To say my third pregnancy was unplanned is quite an understatement. I didn’t even realize I was pregnant with Bun for quite a while. I had just started a new job; DearDR was going to quit one of his jobs to start studying for his license test; and we also went on vacation. We’re pretty sure that’s when Bun was conceived. Talk about letting your guard down.
So a month into my new job, I discover I’m pregnant again. It’s not the best timing with everything else going on, but, as we say in this house, “If you want to make God laugh, tell him your plans.”
I have already told quite a bit of Bun’s pregnancy story. It seems that while DearDR and I make very pretty babies, our placentas are not so great. When our perinatolgist discovered Bun’s placenta was prematurely aging and breaking down, I went on modified bed rest again, and we induced at 37 weeks. (Incidentally, Gabriel probably died because his placenta quit on us. That’s impossible to prove at this point, but given the evidence, the most likely explanation.)
To say that Bun had no intention of leaving her warm home is an understatement, too. I was in the hospital for five days, total.
We check in on a Wednesday night, January 3. They place the Cervadil, and give me something to help me sleep. At 1 a.m., they remove the Cervadil because the baby’s heartbeat dropped.
They start Pitocin. It is turned up very slowly for two reasons, the primary one being a staffing shortage. The secondary reason is the false belief (on my part) that since I had done this before, once things got rolling, they would roll quickly. My induction with Monkey only took about 24 hours from start to baby.
I am feeling contractions, but they don’t get stronger. My cervix isn’t moving; it’s about 2 centimeters dialated, and it stays there all day. I try to move around to get gravity working for me, but that’s hard to do when you’re hooked up to machines and IVs.
To further discourage and depress DearDR and me, we are in the room on the labor and delivery wing closest to the double doors onto the wing. These doors make a huge, loud sound every time they open: KA-CHUCK KA-CHUNK. KA-CHUNK KA-CHUNK. Twenty-four hours a day, not as often at night, but still often enough.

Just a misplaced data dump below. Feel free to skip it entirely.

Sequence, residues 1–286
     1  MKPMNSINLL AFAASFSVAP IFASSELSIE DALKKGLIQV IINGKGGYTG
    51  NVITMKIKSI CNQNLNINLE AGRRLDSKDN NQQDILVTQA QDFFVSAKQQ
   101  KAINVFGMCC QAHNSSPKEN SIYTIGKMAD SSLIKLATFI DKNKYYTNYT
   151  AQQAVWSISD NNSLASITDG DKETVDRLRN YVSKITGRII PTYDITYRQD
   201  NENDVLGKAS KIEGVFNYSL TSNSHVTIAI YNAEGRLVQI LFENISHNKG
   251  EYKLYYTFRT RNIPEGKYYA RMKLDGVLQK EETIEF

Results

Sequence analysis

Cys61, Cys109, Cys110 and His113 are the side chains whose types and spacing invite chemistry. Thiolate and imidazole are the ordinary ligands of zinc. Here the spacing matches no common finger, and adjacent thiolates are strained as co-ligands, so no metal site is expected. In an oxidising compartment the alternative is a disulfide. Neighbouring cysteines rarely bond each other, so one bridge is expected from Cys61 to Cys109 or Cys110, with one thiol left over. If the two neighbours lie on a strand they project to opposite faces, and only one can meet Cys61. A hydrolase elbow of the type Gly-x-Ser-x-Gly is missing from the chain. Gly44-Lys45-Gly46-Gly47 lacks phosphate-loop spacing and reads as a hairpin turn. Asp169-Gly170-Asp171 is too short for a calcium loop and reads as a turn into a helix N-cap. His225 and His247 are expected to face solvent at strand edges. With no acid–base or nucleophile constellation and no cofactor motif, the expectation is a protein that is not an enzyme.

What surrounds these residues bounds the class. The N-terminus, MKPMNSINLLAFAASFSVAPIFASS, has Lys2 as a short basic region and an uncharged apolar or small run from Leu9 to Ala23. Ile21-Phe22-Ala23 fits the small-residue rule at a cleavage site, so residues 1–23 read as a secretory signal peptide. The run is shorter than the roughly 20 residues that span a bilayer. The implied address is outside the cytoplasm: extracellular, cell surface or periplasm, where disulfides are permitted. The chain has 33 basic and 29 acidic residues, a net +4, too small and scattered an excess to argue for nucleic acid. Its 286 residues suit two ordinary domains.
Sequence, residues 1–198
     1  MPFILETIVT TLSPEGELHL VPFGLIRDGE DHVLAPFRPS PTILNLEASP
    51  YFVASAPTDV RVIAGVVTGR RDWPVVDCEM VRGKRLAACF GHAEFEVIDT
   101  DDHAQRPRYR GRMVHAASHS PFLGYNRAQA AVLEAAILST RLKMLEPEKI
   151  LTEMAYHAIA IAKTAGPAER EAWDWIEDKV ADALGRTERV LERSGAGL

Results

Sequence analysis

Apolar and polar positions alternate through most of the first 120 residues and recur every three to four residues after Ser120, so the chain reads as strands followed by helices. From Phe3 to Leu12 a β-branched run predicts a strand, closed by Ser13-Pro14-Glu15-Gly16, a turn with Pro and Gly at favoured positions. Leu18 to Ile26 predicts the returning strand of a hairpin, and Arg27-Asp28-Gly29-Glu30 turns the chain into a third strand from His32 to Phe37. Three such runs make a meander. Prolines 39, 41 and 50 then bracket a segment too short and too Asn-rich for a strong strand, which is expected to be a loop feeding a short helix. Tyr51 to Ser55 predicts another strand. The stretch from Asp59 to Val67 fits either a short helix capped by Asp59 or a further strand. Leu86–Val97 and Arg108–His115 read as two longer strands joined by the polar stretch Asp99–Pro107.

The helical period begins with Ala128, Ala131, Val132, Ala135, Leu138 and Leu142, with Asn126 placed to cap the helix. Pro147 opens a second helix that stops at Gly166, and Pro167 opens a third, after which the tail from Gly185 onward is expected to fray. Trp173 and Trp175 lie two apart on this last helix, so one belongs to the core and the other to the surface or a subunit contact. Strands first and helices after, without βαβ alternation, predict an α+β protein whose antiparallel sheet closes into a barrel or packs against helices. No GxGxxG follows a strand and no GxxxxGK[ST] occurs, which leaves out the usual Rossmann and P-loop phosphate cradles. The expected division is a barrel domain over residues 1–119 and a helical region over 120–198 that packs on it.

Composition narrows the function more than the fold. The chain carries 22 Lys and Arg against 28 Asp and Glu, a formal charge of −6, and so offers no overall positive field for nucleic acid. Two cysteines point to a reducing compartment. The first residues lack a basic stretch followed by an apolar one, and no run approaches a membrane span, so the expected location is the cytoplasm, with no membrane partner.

Thursday night rolls around. I want to try to get some sleep. We turn off the Pitocin.
I haven’t slept well because of the damn doors. But I’m game to try more Pitocin, maybe try getting it turned up more often.
Staffing shortage means I don’t even get started until almost noon. The contractions are distant; my cervix still isn’t moving. I’m having a hard time staying focused, and not becoming despondent.
Around 8 p.m., my midwife checks on a few things. The cervix has opened a little more, but the contractions still aren’t increasing. This whole time, by the way, Bun’s heartbeat is just fine.
My midwife makes a suggestion about trying to drop the baby’s head more directly on the cervix. It seems that Bun is hanging out on my bladder — which would explain why I have to pee every ten minutes. I think we also decide to break my amniotic membranes. I start doing these funky moves on a stability ball, and alternately leaning against the wall in a standing position.
At 10:30 p.m., my contractions go from distant to RIGHT THERE in the space of about 10 minutes. While I am relieved that it seems I am going to have a baby after all, I am tired, people. I am also thinking about pushing Monkey for three plus hours, and I know I don’t have it in me.
Day Four, Midnight, January 6
I ask for an epidural. The midwife says she is going to wait and ask me again in 30 minutes. I am handling the contractions okay, but not great. I want a rest.
The midwife asks if I still want an epidural. I say yes. I get one.
Peace and loveliness. I can still feel my contractions (although not my left leg…), but they aren’t stressing me out. I get some rest. DearDR and I chat. The midwife and the nurse hang out for a while. About an hour after the epidural, I am told to start pushing.
Thirty-five minutes after that, Bun enters the world. They clean us up; we sleep and feed; and get moved to another room; and sleep and feed some more.
And then we get to go home. I am so happy to be home.